- After that.. As soon as you're pre-approved, we can write a contract for the house of your choice. Not only are our contracts very short, simple, and easy to read, we do not require any earnest money so if for some reason you have to cancel or there are any issues with the loan and we have to cancel the contract, you are out no money what so ever.
Our typical investor is closed and cash flowing on their own investment property about 6 weeks after contract.
Who pays the taxes?
Taxes are annual city and county taxes, and the home owner pays them. They are pro-rated from the day of closing, meaning we will pay the portion of the taxes covering the time we owned the home and the investor becomes responsible for them from the day they close. Investors with loans pay their taxes in monthly installments through their mortgage companies, so these taxes become part of their monthly payment to the bank (thus PITI). For you, even though you will probably pay them for the year when they're do, you can still average them out to a monthly cost to understand what your true cash flow on the property is.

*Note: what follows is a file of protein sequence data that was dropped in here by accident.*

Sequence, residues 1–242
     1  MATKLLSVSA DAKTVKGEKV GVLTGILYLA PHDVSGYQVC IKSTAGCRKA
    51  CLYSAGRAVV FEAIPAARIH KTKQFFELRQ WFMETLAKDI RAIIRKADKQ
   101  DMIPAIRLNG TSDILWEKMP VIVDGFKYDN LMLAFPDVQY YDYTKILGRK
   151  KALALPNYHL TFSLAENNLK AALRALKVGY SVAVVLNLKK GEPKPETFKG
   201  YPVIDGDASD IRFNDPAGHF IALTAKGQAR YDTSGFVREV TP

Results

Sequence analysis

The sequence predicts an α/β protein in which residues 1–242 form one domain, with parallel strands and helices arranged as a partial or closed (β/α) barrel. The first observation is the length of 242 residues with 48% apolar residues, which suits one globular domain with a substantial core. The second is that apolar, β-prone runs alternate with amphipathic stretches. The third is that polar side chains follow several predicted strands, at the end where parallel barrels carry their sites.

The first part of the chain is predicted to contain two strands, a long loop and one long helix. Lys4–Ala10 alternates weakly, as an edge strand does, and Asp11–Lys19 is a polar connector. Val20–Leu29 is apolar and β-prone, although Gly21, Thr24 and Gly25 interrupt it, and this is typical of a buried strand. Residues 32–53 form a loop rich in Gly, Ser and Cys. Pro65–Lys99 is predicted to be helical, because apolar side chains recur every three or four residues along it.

How do you pick which properties to purchase, renovate, fill with tenants, and sell?
Terry says that he never make an offer to purchase and renovate a property unless it's a property that he's willing to keep long term. We typically review 25 homes before we make an offer on one. In Memphis tn, there's what I like to call the sweet spot. Where that is in Memphis is houses that are going to appraise in the 45k 65k range. The reason for that is that if you go down too low you will have tenants that will be problematic and war zone type neighborhoods. If you go up too high, the taxes go up, the insurance goes up, the debt service goes up, but the rent does not go up enough to keep pace. Especially in Frayser, which is one of our favorite places to invest, the cash flow is tremendous. There size and construction lends to great return on investment.
How do you determine eligible tenants? Do you do background and credit checks?
Ability to pay is king. We check credit, verify employment and time on the job, check criminal background, and make sure that the rent is a small enough percentage of income.
How do you deal with nonpayment's, and evicting tenants if need be? The owner is always the boss on this one, but we have developed strategies to minimize any lost income. We develop fantastic relationships with our tenants and they go out of their way to pay us or work on a payment plan. The way we proceed really depends on the tenant and their circumstances (we treat a tenant that has paid on time for a year that suddenly lost their job differently than someone that, for example, has been a chronic late pay and is uncommunicative)